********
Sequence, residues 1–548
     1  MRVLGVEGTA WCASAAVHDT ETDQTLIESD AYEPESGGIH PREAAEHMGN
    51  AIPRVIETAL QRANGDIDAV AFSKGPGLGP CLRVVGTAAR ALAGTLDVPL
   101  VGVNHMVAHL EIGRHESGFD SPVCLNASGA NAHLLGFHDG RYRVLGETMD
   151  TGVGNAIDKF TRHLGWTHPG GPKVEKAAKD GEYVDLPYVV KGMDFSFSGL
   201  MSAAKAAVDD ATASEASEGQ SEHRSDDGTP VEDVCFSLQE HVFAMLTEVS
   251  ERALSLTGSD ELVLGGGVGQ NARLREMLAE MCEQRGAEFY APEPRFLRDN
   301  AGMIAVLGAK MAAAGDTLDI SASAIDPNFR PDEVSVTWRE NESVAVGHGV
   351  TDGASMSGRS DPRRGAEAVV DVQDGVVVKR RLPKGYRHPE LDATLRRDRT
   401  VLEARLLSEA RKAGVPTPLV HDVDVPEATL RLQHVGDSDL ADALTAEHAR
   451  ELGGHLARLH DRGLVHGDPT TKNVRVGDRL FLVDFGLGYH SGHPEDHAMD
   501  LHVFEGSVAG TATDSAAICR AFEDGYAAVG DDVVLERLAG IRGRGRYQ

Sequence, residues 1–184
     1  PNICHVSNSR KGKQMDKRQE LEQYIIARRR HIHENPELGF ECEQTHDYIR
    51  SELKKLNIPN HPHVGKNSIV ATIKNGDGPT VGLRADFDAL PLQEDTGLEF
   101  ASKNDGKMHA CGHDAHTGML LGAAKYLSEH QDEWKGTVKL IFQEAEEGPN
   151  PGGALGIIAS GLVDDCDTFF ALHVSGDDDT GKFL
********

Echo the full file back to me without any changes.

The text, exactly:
Sequence, residues 1–548
     1  MRVLGVEGTA WCASAAVHDT ETDQTLIESD AYEPESGGIH PREAAEHMGN
    51  AIPRVIETAL QRANGDIDAV AFSKGPGLGP CLRVVGTAAR ALAGTLDVPL
   101  VGVNHMVAHL EIGRHESGFD SPVCLNASGA NAHLLGFHDG RYRVLGETMD
   151  TGVGNAIDKF TRHLGWTHPG GPKVEKAAKD GEYVDLPYVV KGMDFSFSGL
   201  MSAAKAAVDD ATASEASEGQ SEHRSDDGTP VEDVCFSLQE HVFAMLTEVS
   251  ERALSLTGSD ELVLGGGVGQ NARLREMLAE MCEQRGAEFY APEPRFLRDN
   301  AGMIAVLGAK MAAAGDTLDI SASAIDPNFR PDEVSVTWRE NESVAVGHGV
   351  TDGASMSGRS DPRRGAEAVV DVQDGVVVKR RLPKGYRHPE LDATLRRDRT
   401  VLEARLLSEA RKAGVPTPLV HDVDVPEATL RLQHVGDSDL ADALTAEHAR
   451  ELGGHLARLH DRGLVHGDPT TKNVRVGDRL FLVDFGLGYH SGHPEDHAMD
   501  LHVFEGSVAG TATDSAAICR AFEDGYAAVG DDVVLERLAG IRGRGRYQ

Sequence, residues 1–184
     1  PNICHVSNSR KGKQMDKRQE LEQYIIARRR HIHENPELGF ECEQTHDYIR
    51  SELKKLNIPN HPHVGKNSIV ATIKNGDGPT VGLRADFDAL PLQEDTGLEF
   101  ASKNDGKMHA CGHDAHTGML LGAAKYLSEH QDEWKGTVKL IFQEAEEGPN
   151  PGGALGIIAS GLVDDCDTFF ALHVSGDDDT GKFL